Bad News is the second book in the Patrick Melrose series, and I realised that I couldn’t go back to my other books waiting to be read until I finished this series. Edward St. Aubyn has created a series that one does not want to let go of. Also, as I thought that these things emerged from experiences, I realised that I wanted to get to know the author more.Bad News didn’t disappoint.
Bad News is definitely more challenging and slower than the first book. In this book, Patrick emerges from childhood and is now twenty-two years old. He lives independently of his family and has plenty of money to spend carelessly. Since his family is already quite wealthy, he does not have to work. Besides, Patrick has become a drug addict.
Following his father’s death, he goes to New York to collect his ashes.Bad News is only about Patrick’s few days in New York, but you feel as if the author has written about his whole life as you read it. His experiences while chasing drugs and after taking drugs are told in a very realistic way. Inevitably, you also feel his hatred towards himself, his family, life, and everything in general. How could I have loved such a book so much? Now that I think about it, I can’t get it. I believe every pathetic situation that comes out of the author’s hand turns into a diamond—such an incredible author.
Other books in the Patrick Melrose Series
Bad News, Patrick Melrose 2
Bad News: Bad News is the second of Edward St Aubyn’s semi-autobiographical Patrick Melrose novels, adapted for TV for Sky Atlantic and starring Benedict Cumberbatch as aristocratic addict, Patrick.
InBad News, Twenty-two years old and in the grip of a massive addiction, Patrick Melrose is forced to fly to New York to collect his father’s ashes. Over the course of a weekend, Patrick’s remorseless search for drugs on the avenues of Manhattan, haunted by old acquaintances and insistent inner voices, sends him into a nightmarish spiral. Alone in his room at the Pierre Hotel, he pushes body and mind to the very edge – desperate always to stay one step ahead of his rapidly encroaching past.
Bad News was originally published, along with Never Mind and Some Hope, as part of a three book omnibus also called Some Hope.
Edward St. Aubyn
Edward St Aubyn (born 14 January 1960) is an English author and journalist. He is the author of eight novels, including notably the semi-autobiographical Patrick Melrose novels. In 2006, Mother’s Milk was shortlisted for the Booker Prize.
Edward St Aubyn was born in 1960 in London, England, into an upper-class family. He is the son of Roger Geoffrey St Aubyn (1906–1985), a former soldier and a surgeon, and his second wife, Lorna Mackintosh (1929–2005). On his paternal side, he is a great-great grandson of Sir Edward St Aubyn, 1st Baronet, and great-nephew of The 1st Baron St Levan.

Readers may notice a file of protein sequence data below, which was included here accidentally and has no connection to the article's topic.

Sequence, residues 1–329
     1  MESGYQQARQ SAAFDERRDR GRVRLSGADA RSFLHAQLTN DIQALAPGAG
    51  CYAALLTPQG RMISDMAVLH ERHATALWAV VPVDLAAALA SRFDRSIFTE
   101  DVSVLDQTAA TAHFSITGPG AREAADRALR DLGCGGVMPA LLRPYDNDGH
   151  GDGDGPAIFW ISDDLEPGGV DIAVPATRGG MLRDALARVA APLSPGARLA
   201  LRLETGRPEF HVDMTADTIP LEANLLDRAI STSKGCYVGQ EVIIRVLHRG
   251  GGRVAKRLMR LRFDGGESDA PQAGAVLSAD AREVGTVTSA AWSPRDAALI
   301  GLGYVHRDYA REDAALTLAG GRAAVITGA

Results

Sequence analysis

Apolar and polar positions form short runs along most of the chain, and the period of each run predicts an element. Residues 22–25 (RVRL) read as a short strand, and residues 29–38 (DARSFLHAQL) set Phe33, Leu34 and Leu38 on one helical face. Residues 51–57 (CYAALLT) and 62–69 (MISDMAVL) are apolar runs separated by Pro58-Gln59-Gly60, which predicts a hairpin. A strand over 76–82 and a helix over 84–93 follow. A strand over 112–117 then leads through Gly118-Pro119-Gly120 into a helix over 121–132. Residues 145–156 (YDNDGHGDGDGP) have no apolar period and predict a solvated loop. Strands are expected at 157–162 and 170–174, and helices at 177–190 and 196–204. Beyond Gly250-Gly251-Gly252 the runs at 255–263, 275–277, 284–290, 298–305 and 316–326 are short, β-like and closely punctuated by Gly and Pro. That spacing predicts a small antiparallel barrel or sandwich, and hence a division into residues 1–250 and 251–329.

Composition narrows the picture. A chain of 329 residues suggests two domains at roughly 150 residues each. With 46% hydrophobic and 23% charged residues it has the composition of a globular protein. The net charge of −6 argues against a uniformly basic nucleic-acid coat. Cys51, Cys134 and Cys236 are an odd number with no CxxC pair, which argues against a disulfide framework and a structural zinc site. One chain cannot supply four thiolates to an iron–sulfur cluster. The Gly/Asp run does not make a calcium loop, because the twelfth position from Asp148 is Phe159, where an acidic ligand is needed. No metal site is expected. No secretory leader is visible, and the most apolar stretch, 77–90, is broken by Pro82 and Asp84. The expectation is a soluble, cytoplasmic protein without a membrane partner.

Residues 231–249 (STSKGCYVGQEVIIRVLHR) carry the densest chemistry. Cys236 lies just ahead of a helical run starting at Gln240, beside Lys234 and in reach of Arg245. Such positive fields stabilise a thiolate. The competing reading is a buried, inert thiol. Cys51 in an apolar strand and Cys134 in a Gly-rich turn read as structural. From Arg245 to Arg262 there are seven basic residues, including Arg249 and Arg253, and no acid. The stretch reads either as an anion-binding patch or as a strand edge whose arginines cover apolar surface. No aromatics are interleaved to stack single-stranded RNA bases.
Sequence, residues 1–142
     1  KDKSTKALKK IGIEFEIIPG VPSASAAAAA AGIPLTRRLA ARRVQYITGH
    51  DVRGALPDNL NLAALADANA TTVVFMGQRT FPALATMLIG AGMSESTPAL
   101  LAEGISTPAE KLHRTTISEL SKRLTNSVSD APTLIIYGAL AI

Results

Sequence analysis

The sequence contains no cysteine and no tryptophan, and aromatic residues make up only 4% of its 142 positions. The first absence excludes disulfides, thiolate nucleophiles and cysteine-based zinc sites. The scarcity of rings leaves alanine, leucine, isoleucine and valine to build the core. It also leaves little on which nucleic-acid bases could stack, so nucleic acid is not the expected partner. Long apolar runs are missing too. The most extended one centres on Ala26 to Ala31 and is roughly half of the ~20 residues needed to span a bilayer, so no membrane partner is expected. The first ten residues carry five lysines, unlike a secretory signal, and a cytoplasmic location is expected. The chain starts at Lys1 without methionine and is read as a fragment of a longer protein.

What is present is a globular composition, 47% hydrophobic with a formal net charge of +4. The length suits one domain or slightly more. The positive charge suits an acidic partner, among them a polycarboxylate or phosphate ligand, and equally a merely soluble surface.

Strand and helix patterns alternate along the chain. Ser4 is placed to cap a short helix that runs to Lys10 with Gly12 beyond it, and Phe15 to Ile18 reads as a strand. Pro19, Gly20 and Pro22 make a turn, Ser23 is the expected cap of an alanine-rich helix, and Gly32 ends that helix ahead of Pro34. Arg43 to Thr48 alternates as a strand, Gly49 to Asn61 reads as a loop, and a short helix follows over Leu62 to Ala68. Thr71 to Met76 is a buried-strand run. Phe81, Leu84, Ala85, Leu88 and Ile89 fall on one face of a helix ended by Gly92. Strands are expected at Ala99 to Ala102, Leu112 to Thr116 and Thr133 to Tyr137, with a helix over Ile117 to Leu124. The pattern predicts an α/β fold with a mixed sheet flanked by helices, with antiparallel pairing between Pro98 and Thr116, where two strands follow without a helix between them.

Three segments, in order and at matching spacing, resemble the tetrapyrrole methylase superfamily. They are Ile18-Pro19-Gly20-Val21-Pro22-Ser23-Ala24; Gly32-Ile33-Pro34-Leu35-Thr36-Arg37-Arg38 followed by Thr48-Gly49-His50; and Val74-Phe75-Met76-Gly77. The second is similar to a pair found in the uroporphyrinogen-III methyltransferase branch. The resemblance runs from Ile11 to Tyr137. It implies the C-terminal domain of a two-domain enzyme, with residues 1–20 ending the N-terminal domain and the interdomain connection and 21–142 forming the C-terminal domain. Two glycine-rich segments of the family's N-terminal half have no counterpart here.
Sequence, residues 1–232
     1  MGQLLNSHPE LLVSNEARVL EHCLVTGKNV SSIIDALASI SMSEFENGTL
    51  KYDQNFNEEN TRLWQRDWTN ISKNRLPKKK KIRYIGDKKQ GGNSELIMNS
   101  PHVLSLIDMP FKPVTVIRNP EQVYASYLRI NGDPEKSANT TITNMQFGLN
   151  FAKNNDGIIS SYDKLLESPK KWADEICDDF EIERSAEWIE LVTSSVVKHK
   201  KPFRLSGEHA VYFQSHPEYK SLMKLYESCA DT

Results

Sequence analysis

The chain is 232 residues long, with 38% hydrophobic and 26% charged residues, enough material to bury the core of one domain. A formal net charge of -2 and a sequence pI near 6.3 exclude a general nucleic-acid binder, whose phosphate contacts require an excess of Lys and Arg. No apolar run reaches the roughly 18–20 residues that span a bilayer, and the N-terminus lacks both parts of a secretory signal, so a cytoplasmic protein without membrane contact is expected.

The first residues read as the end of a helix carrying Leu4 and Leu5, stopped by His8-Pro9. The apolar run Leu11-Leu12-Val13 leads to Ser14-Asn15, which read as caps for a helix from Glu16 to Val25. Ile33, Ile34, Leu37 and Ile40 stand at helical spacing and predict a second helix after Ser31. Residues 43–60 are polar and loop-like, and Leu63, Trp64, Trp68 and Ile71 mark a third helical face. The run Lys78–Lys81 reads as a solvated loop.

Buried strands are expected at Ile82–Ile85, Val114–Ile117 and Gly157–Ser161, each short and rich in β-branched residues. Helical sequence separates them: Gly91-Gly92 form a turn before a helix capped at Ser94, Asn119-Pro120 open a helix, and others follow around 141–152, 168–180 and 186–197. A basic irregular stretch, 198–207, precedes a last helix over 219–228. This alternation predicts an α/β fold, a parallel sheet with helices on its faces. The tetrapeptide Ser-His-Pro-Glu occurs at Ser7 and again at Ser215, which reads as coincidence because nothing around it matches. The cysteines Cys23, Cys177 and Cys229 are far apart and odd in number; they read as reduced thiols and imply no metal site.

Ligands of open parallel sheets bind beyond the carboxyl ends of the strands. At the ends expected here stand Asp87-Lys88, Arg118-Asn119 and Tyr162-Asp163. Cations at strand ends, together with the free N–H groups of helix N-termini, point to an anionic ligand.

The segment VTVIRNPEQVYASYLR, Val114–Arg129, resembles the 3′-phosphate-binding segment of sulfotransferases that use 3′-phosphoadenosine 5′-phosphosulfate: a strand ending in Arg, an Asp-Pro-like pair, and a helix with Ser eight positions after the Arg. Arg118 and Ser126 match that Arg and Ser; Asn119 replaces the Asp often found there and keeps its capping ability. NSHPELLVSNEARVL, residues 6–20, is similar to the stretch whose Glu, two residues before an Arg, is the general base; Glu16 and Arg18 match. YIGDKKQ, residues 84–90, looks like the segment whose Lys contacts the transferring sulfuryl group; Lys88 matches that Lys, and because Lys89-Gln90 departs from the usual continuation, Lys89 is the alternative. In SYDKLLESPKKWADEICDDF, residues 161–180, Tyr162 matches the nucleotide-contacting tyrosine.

On his maternal side, he is a grandson of Captain Alastair William Mackintosh of the Seaforth Highlanders (briefly married to Constance Talmadge 1926–1927), and Lela Emery (later Duchess of Talleyrand). Through the latter he is a great-grandson of American businessman John Josiah Emery, Sr., and a great-nephew of John J. Emery, Jr. and Audrey Emery (wife of Grand Duke Dmitri Pavlovich of Russia).
His father was first married to Sophie Helene Freifrau von Puthon of Schloss Mirabell in Salzburg, whom he divorced in 1957. St Aubyn has two half-sisters by his father’s first marriage, and an elder sister, Alexandra. He grew up in London and France, where his family had houses. He has described an unhappy childhood in which he was repeatedly raped by his sexually abusive father from the ages of 5 to 8, with the complicity of his mother.
St Aubyn attended Westminster School and in 1979 went on to read English at Keble College, Oxford. Although at the time a heroin addict, he graduated, but with a pass, the lowest possible class of degree. He entered psychotherapy at the age of 25 and subsequently became a professional writer.
From 1987 to 1990, he was married to the author Nicola Shulman, now The Marchioness of Normanby. St Aubyn has a son, Lucian St Aubyn, by Jane Longman, daughter of Lady Elizabeth Longman and Mark Longman, and a daughter, Eleanor St Aubyn by another previous relationship, and lives in London.
Five of St Aubyn’s novels, Never Mind, Bad News, Some Hope, Mother’s Milk, and At Last, form The Patrick Melrose Novels, the first four of which were republished in a single volume in 2012, in anticipation of the fifth. They are based on the author’s own life, growing up in a highly dysfunctional upper-class English family, dealing with abuse at the hands of his father, the deaths of both parents, alcoholism, heroin addiction and recovery, and marriage and parenthood.
The books have been hailed as a powerful exploration of how emotional health can be carved out of childhood adversity. Mother’s Milk was made into a feature film released in 2011. The screenplay was written by St Aubyn and director Gerald Fox. It stars Jack Davenport, Adrian Dunbar, Diana Quick, and Margaret Tyzack in her last performance.
In 2018 a five-part television series, Patrick Melrose was broadcast, a joint production of Showtime and Sky Atlantic. Benedict Cumberbatch stars as Patrick Melrose (with the young Patrick played by Sebastian Maltz), with each episode based on a different novel in the series. The series premiered on Showtime on 12 May 2018 to favourable reviews.
Reading this book contributed to these challenges: